‘Go back to the drawing board!’ Boris and Rishi blasted over huge National Insurance hike

National Insurance rise is a 'tax on jobs' says Chandha

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The dig comes as the Prime Minister and Chancellor defended plans to go ahead with the controversial tax rise. The move to increase the tax will see an additional £12bn per year flow into the treasury coffers and has been described as “the right plan” by the Prime Minister.

However, not all Conservative Party members are happy with the move.

Many senior Tories have now warned that the party will come under scrutiny by voters who will be forced to tighten the purse strings as post-tax income shrinks as prices increase.

Speaking on Sky News, senior Tory backbencher Robert Halfon said he was in agreement with ministers that extra cash was needed to help the NHS deal with backlogs caused by the Covid crisis and to fund social care reforms.

Mr Halfon, who now chairs the House of Commons education committee stated: “There is an umbilical cord between the British people and the NHS, and they want that money spent,

“I also agree that we shouldn’t borrow to pay for this because all that does is defer tax rises and also puts pressure on interest rates.

“What I’m just asking the government to do is to go back to the drawing board and look at how they raise that money.

“I’ve suggested that the government looks at windfall taxes on big businesses, particularly oil companies, for example, who have been raking it in over the past couple of years.

“Perhaps increase capital gains tax as well, so we can raise those funds for the NHS without hitting low-income workers.”

But, in an article for The Sunday Times, Mr Johnson and Mr Sunak wrote: “We must go ahead with the health and social care levy. It is the right plan.”

Mr Halfon also questioned how the move would affect the Government in the polls, in particular as pressure mounts on the Prime Minister following the so-called party-gate incident.

He said: “Of course, people are struggling with the cost of living, so if they can’t afford to pay their bills that is hardly going to be very positive towards the Government.

“It depends on what the Government does in other measures to try and mitigate against that.”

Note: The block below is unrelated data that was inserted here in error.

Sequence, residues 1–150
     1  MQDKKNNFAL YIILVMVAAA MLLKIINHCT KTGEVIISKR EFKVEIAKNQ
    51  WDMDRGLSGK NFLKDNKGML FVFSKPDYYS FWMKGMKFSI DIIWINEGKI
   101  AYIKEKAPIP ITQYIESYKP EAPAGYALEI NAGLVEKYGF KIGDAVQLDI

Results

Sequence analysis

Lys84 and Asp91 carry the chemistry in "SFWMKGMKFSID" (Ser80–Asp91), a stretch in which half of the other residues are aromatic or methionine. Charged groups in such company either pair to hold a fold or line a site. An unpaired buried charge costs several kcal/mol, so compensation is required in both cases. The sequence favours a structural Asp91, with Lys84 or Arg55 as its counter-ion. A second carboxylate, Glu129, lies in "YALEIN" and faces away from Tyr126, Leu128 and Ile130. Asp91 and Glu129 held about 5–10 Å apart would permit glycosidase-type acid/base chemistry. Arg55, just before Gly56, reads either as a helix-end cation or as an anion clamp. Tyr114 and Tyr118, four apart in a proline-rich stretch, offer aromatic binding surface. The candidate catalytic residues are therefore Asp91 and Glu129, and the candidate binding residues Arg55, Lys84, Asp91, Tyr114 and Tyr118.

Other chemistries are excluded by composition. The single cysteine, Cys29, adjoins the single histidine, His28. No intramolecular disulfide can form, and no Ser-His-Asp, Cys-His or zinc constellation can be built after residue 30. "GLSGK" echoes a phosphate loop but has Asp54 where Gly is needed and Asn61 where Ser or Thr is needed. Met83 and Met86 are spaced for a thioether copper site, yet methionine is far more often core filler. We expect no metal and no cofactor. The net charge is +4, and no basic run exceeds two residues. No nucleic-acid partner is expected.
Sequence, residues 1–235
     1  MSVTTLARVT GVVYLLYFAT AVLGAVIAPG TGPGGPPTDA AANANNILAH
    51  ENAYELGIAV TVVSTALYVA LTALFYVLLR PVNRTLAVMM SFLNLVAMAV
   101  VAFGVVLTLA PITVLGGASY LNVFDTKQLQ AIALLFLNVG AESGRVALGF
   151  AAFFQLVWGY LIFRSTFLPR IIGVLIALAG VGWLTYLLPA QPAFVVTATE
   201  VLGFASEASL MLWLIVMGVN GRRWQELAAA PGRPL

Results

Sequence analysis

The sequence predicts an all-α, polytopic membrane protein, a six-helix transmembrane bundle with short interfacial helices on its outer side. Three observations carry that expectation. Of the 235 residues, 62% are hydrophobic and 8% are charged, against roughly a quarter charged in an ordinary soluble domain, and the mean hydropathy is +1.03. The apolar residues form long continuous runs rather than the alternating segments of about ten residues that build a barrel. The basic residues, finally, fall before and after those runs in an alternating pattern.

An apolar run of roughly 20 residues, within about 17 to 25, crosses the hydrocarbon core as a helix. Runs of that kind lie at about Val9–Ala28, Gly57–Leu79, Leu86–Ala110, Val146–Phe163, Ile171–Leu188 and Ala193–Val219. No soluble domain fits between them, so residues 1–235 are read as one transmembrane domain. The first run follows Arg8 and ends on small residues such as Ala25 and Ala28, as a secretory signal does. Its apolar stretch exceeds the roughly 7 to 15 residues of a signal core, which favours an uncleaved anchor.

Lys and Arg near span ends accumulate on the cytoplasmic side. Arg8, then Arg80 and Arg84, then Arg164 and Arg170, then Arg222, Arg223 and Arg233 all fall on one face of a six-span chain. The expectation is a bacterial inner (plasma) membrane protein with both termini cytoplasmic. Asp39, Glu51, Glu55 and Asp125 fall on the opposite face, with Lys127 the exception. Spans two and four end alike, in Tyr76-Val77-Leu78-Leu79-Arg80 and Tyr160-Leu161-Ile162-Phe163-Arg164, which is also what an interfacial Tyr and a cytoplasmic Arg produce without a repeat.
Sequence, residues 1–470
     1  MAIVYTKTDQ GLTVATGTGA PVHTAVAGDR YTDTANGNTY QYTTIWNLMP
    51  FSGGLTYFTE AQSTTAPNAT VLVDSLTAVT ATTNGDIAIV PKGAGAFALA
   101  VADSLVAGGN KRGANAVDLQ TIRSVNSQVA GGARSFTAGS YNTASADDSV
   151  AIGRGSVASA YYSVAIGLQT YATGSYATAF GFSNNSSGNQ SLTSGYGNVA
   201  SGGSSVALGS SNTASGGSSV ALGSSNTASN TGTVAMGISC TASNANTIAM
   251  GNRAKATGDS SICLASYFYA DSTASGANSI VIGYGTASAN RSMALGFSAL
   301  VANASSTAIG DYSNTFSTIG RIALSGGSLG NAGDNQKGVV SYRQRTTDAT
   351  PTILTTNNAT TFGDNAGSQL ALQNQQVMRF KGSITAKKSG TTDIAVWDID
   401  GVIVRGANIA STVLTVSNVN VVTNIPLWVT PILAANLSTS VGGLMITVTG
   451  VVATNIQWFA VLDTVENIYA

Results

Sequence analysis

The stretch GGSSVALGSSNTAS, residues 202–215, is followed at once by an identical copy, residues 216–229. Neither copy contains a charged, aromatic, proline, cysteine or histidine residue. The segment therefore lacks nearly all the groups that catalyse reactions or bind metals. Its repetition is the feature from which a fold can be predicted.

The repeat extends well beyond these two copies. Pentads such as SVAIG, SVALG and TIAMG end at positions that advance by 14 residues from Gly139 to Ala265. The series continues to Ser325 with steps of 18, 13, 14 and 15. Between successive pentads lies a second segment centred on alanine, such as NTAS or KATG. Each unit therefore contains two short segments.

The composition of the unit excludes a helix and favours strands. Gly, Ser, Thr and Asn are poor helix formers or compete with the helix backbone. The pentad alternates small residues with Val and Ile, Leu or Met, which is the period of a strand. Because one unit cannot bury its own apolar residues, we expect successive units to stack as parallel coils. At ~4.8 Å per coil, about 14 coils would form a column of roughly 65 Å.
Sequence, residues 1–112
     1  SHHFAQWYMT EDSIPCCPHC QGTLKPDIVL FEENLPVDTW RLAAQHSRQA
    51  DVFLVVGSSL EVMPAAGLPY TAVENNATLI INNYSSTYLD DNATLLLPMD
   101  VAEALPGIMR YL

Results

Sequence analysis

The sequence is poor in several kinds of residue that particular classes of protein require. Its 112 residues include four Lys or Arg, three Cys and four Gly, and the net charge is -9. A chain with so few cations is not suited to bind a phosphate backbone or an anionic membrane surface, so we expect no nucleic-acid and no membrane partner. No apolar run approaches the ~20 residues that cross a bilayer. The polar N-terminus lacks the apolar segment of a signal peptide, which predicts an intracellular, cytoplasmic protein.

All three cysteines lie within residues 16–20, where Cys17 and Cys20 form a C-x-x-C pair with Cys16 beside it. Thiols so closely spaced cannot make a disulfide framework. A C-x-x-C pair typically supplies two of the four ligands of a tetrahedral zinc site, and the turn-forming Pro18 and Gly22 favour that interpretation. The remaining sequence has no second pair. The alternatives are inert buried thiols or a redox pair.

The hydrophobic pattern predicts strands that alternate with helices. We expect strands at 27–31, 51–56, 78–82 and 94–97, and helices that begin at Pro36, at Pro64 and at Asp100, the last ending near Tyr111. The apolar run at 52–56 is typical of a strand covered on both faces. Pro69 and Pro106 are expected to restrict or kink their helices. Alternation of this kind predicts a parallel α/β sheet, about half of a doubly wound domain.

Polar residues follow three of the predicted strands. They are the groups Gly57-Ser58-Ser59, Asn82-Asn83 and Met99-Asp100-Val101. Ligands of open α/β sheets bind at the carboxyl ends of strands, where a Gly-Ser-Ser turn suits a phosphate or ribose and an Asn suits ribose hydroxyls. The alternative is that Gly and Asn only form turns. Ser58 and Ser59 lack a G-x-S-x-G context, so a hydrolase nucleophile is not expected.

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The backbencher urged Mr Sunak to seek alternative forms of funding to prop up the NHS and other vital infrastructures.

He said: “What I am asking the Government to do is to go back to the drawing board and look at how they raise that money,

“I have suggested that the Government looks at windfall taxes on big business, particularly oil companies for example who have been raking it in over the past couple of years.”

He also said: “Perhaps increase capital gains tax as well – so that we can raise those funds for the NHS without hitting low-income workers.”

Some Twitter users took to the social media platform to share what the rise in NI would mean to them.

Rubel said: “90 percent of the country will be close to the poverty line post-April,

“Rising energy prices + national insurance hike + 5 percent inflation.”

Janine Geography said: “We would also be hit twice.

“That, plus the increase in National Insurance, and the failure for salaries to keep up with inflation, will see us significantly worse off.

“Feeling cross, but really worried for those on minimum wage.”

Under the plans, employees, employers and the self-employed will all pay 1.25p more in the pound for National Insurance from April 2022 for a year.

After that, the extra tax will be collected as a new Health and Social Care Levy.

The changes to National Insurance will see an employee on £20,000 a year pay an extra £89 in tax.

Someone on £50,000 will pay £464 more.

From April, people earning under £9,880 a year, or £823 a month, will not have to pay National Insurance and will not have to pay the new levy.

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